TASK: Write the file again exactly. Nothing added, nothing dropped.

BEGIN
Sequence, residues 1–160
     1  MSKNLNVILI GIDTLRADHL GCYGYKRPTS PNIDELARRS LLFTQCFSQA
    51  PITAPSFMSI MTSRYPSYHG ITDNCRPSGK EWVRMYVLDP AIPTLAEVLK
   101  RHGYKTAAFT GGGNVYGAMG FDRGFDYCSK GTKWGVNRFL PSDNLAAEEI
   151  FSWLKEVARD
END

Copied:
Sequence, residues 1–160
     1  MSKNLNVILI GIDTLRADHL GCYGYKRPTS PNIDELARRS LLFTQCFSQA
    51  PITAPSFMSI MTSRYPSYHG ITDNCRPSGK EWVRMYVLDP AIPTLAEVLK
   101  RHGYKTAAFT GGGNVYGAMG FDRGFDYCSK GTKWGVNRFL PSDNLAAEEI
   151  FSWLKEVARD